The charity of white missionaries has its price. The “Whites were indulgent towards promising young black boys in those days, provided that the promise was a peaceful promise, a grateful promise to accept whatever was handed out to them and not to expect more.” These whites saw a young Babamukuru, Tambu’s uncle and patriarch of the family, as “a good boy, cultivatable, in the way that land is, to yield harvests that sustain the cultivator.” Despite not wanting to leave his home in Africa, the offer to spend five years in England for education by the whites was not something he could refuse:

Babamukuru was appreciative of the opportunity that he been offered; and further, to decline would have been a form of suicide. The missionaries would have been annoyed by his ingratitude. He would have fallen from grace with them and they would have taken under their winds another promising young African in his place. Unable to obtain the necessary qualifications at home, he had no alternative but to uproot himself for a period of five years in order to retain the position that would enable him, in due course, to remove himself and both his families from the mercy of nature and charitable missionaries.

When Babamukuru returns from England with his wife Maiguru, son Chido, and daughter Nyasha, his new wealth and position enable him to exert his power over his family through charity the way the whites had to him. Initially, Tambu naively thought it was different:

Babamukuru, I knew, was different. He hadn’t cringed under the weight of his poverty. Boldly, Babamukuru had defied it. Through hard work and determination he had broken the evil wizards’ spell. Babamukuru was now a person to be reckoned with in his own right. He didn’t need to bully anybody any more. Especially not Maiguru, who was so fragile and small she looked as though a breath of wind would carry her away. Nor could I see him bullying Nyasha. My cousin was pretty and bold and sharp. You never thought about Babamukuru as being handsome or ugly, but he was completely dignified. He didn’t need to be bold any more because he had made himself plenty of power. Plenty of power. Plenty of money. A lot of education. Plenty of everything.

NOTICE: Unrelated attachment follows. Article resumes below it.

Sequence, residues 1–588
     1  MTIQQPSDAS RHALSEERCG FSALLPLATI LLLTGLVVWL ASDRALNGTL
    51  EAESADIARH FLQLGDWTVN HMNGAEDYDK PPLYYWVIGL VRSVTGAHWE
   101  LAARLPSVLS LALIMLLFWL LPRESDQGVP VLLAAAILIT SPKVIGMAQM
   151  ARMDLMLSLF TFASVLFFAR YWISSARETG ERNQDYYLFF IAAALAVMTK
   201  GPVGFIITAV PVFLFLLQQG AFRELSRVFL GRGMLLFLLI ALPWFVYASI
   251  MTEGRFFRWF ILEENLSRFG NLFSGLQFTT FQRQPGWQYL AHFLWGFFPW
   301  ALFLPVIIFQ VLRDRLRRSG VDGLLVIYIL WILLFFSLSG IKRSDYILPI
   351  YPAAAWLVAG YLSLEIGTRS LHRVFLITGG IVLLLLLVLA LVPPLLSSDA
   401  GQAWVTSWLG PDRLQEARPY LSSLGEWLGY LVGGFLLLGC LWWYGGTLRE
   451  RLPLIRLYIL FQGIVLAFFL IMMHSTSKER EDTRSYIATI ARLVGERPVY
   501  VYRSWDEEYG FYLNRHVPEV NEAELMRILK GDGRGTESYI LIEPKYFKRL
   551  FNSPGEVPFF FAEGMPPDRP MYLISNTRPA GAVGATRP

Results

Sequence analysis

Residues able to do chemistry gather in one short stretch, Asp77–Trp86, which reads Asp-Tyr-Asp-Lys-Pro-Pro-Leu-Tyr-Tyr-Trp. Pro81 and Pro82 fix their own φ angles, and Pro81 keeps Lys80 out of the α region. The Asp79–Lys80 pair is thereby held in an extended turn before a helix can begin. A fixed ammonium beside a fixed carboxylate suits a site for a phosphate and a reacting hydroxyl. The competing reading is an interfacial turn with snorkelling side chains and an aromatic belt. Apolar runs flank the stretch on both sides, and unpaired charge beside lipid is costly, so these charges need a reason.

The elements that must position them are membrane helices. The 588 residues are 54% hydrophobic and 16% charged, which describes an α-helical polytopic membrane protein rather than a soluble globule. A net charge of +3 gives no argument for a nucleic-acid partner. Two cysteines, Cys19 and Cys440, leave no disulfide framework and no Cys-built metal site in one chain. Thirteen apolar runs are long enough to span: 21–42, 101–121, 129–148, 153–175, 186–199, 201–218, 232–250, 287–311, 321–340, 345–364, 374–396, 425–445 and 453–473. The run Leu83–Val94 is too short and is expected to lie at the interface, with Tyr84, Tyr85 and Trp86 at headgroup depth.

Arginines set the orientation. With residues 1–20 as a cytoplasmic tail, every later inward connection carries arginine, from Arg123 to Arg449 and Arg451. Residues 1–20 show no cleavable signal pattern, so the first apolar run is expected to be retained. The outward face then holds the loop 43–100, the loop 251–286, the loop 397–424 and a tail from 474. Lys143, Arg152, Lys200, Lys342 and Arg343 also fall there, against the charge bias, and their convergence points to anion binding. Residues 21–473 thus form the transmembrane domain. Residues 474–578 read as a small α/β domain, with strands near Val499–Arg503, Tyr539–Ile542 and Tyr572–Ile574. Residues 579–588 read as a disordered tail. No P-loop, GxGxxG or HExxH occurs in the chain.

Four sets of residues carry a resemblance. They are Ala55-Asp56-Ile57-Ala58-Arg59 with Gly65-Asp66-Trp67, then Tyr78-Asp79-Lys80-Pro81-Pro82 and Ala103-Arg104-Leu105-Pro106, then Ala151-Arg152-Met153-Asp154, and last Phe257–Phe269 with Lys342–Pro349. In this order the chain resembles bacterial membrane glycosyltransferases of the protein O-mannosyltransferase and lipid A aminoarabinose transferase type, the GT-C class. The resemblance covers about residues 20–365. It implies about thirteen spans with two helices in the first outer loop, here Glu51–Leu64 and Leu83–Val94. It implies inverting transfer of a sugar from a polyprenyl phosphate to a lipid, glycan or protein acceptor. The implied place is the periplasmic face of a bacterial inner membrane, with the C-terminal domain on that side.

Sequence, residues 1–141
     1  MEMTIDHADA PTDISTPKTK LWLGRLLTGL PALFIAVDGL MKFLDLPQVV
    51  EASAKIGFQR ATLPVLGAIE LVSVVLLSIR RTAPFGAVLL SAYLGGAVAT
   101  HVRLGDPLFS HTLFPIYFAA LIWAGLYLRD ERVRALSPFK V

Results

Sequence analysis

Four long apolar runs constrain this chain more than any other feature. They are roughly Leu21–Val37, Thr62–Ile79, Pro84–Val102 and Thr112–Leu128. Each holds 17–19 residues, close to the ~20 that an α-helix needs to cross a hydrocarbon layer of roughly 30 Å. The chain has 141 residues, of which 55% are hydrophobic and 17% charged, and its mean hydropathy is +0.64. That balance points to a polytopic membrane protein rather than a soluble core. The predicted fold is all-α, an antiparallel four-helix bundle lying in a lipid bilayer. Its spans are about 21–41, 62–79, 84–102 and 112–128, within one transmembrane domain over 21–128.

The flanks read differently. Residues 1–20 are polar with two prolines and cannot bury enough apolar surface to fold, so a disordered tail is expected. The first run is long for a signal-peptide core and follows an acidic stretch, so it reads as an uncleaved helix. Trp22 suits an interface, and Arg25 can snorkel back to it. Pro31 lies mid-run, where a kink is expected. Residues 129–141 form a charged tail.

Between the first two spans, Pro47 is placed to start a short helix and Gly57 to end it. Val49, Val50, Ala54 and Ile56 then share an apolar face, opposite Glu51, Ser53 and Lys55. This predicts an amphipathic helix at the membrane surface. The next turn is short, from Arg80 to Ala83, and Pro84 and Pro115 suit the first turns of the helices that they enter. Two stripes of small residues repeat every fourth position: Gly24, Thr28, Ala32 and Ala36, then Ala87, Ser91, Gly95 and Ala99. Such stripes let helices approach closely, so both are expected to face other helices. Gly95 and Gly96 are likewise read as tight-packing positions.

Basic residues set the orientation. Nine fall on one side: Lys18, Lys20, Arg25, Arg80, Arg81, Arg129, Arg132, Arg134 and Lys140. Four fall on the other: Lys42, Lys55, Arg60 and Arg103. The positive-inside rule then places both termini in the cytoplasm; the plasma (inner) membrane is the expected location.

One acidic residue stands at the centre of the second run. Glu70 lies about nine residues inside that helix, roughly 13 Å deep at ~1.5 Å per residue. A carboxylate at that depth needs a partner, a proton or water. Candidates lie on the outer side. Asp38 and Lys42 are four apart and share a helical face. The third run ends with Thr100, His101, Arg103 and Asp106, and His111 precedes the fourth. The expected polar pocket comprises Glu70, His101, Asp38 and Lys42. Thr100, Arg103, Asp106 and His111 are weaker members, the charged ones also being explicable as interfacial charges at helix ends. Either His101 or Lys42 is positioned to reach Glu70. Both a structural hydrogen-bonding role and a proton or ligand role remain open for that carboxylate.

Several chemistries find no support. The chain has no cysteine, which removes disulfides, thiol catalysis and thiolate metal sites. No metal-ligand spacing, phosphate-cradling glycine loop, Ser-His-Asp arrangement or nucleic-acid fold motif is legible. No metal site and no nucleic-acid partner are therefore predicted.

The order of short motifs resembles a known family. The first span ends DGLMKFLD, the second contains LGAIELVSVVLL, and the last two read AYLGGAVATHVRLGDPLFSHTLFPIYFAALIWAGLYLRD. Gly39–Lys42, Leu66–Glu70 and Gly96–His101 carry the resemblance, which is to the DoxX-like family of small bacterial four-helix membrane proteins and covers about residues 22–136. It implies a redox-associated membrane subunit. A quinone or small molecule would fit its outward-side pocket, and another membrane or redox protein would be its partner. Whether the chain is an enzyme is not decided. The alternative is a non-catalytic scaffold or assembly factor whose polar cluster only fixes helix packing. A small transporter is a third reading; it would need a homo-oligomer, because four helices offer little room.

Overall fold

As Tambu later learns when she takes her dead brother Nhamo’s place at her uncle’s home at the mission, the money, power, and education didn’t mean he wouldn’t exert his power over his family how the white missionaries exerted theirs over him.

Luckily, or maybe unluckily for him, throughout his life Babamukuru had found himself — as eldest child and son, as an early educated African, as headmaster, as husband and father, as provider to many — in positions that enabled him to organise his immediate world and its contents as he wished…. Thus he had been insulated from the necessity of considering alternatives unless they were his own. Stoically he accepted his divinity.

Upon arriving in her uncle’s home Tambu writes: “Babamukuru was God, therefore I had arrived in heaven. I was in danger of becoming an angel, or at the very least a saint, and forgetting how ordinary humans existed — from minute to minute and from hand to mouth.” She has to constantly stop herself from falling into this trap of forgetting what it’s like to be more inferior “by thinking of my mother, who suffered from being female and poor and uneducated and black so stoically that I was ashamed of my weakness in succumbing so flabbily to the strangeness of my new circumstances.” Those who end up acquiring education, money, or power start believing that it entitles them to exert influence over those “inferior” to them, forgetting what it was like to be bullied by superiors and therefore perpetuating the existing power structures.